NECC puts its stock in Ford
When Todd Peretz stopped by the Yarnall Athletic Center Sunday night, he saw a big reason why his Mitchell College men's basketball program is on the rise.
Even though the season ended with Friday's loss in the New England Collegiate Conference semifinals, he spotted six players working out in the weight room.
"It makes it easier when your better players and most productive kids are always your hardest workers and ambassadors for working hard," said Peretz, who just completed his 14th season as head coach, on Monday.
Their work hard produced program record-setting results.
Mitchell had its best season since joining Division III in 2004-05, posting a 14-12 overall record and winning an NECC tournament game for the first time.
Junior Joshua Ford became the first Mariner and first junior to be named NECC Player of the Year on Monday while Devonta Mosley was named the Rookie of the Year and junior Anthony Epps made the All-NECC second team.
Ford, a talented and versatile 6-foot-4 forward, averaged 21.8 points, 11.1 rebounds and 3.6 assists per game in conference play. He ranked in the top three in scoring (2nd), rebounding (3rd), assists (2nd), steals (3rd), blocks (3rd), field goals (1st), field goal percentage (1st) and free throws (2nd).
A two-time All-NECC first team pick, Ford improved his all-around game this year, adding strength and developing his perimeter skills. He topped his own school Division III single-season rebounding record with 286 and ranked 14th in the nation in scoring overall at 22.3 points.
"Going into the season, we thought Josh had a chance for player of the year," Peretz said. "He had won player of the week four times throughout the year. I thought he was terrific. It's nice to know other coaches thought so highly of him, too."
Mosley, a 6-3 forward, is the third straight Mariner to win the NECC top rookie honors, joining Ford (2012) and Tim Quinn (2011). The team's third leading scorer at 9.5 points per game, he adapted well to an evolving role, going from a starter to a sparkplug off the bench.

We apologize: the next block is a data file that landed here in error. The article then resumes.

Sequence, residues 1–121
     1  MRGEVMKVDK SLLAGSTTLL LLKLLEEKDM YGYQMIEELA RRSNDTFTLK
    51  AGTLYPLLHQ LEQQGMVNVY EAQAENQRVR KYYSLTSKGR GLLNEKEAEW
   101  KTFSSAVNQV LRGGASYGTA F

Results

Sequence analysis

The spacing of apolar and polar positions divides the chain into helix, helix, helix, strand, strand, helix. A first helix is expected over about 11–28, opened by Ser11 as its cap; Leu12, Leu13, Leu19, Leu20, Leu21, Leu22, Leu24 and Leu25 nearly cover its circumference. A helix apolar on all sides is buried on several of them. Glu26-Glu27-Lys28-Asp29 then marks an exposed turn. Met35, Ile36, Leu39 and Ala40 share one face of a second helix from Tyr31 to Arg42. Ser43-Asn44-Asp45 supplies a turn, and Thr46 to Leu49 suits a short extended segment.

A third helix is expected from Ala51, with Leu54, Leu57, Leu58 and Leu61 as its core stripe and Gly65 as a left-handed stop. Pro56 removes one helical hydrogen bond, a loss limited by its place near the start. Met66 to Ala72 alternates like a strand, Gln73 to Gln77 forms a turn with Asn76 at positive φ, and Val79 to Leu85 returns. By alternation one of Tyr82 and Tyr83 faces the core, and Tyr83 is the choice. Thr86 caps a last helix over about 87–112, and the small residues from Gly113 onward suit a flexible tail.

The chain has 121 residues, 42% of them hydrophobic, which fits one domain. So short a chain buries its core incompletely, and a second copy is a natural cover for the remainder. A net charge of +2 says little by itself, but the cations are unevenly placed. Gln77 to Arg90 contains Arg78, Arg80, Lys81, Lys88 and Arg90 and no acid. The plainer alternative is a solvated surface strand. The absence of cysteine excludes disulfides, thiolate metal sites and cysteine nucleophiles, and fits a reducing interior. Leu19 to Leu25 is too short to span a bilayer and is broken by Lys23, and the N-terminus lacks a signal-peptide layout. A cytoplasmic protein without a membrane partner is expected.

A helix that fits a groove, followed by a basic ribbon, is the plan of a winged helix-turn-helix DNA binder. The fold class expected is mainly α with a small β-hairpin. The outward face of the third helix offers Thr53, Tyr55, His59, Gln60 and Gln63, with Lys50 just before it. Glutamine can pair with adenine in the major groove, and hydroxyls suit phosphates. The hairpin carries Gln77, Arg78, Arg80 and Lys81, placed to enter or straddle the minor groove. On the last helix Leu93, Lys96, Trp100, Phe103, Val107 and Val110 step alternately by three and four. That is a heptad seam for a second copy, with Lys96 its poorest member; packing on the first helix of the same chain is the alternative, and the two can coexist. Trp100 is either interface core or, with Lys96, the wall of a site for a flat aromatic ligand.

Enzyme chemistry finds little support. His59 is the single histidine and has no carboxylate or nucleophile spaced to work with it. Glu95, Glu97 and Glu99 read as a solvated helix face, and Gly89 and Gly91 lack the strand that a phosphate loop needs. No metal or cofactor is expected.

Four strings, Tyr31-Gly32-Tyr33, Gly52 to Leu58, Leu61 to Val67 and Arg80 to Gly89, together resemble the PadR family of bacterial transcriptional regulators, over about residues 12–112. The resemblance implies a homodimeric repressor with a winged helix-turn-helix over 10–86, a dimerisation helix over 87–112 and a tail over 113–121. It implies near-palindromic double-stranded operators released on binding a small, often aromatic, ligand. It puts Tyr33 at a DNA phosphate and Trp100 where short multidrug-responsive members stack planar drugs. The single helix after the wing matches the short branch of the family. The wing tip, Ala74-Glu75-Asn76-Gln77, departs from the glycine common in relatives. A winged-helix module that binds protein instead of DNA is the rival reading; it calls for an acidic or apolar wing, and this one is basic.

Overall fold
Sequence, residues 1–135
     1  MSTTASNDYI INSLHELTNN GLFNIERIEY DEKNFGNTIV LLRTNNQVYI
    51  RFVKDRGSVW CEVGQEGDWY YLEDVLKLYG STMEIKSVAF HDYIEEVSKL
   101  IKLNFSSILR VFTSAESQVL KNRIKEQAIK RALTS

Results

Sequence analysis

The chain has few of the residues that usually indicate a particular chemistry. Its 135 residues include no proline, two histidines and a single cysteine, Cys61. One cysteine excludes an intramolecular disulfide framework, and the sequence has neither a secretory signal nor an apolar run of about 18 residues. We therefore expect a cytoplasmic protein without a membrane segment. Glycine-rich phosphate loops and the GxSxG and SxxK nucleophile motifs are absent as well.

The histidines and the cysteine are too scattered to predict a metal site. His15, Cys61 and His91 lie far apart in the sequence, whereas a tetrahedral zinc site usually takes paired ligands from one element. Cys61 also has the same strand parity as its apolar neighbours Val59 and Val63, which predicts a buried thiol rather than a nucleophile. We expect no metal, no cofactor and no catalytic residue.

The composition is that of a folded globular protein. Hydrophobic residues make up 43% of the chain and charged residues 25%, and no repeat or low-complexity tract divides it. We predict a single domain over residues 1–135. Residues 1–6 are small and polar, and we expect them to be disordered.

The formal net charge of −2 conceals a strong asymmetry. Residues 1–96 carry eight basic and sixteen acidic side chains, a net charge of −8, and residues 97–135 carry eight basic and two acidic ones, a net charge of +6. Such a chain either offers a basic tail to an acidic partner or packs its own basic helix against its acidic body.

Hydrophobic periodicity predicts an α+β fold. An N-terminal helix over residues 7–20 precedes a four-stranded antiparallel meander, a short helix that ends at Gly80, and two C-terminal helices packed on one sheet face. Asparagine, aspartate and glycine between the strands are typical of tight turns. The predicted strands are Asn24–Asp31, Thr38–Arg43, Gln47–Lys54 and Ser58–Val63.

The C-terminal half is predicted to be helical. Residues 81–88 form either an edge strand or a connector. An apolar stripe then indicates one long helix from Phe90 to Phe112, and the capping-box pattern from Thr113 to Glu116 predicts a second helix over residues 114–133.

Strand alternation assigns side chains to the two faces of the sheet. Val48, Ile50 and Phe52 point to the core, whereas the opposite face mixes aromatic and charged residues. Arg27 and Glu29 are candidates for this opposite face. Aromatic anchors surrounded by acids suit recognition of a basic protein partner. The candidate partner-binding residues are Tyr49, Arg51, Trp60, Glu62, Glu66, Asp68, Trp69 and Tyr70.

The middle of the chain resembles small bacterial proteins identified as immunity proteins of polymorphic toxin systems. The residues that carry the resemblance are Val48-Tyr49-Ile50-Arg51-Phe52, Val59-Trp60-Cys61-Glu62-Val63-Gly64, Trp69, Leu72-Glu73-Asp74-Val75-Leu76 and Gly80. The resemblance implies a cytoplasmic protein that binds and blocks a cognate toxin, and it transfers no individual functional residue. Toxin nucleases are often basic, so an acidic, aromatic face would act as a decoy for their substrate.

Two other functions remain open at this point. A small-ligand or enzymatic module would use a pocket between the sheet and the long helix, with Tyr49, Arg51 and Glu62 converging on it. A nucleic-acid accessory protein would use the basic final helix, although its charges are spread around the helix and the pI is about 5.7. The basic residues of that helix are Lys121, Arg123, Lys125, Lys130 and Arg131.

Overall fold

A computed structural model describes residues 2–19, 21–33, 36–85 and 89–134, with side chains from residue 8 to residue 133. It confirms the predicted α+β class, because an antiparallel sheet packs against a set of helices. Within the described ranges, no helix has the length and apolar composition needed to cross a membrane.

"He took to that role pretty well and ran with it," Peretz said. "He's finally stating to figure out he has to play hard all the time and when he does good things happen."
Epps, a 6-4 guard from Norwalk, played a vital role in Mitchell's season, ranking second on the team in scoring (14.1) and rebounding (5.7). He also was a first-rate defender, always drawing the toughest assignment.
In Mitchell's 77-75 win over Becker College in the NECC tournament quarterfinals, Epps had 13 points and eight rebounds.
"He's just a really good athlete," Peretz said. "He's a tremendous defensive player. ? He stepped up, too, and hit some big shots."
The future is very promising for the Mariners, who return the heart of their team next season. They ended on a motivational note, losing a tough NECC semifinal battle with eventual champion Elms College, 80-78 on Friday.
Peretz is pleased with the direction of the program and attitude of his players. He's looking to add a couple of recruits, focusing on improving the frontcourt.
"It was nice to see the kids showing emotion after the (Elms) game," Peretz said. "This group was visibly upset. From a coaching standpoint, that's important to me that they cared as much as I did.
"? We've got to remember this feeling that we fell a little short and what's it going to take for us to get over this hump. Can we get to the finals and can we win a championship? We know we have to get stronger as individuals and have to get in weight room now."
Judging from Sunday's night weight lifting session, it appears the Mariners are already following Peretz's advice.
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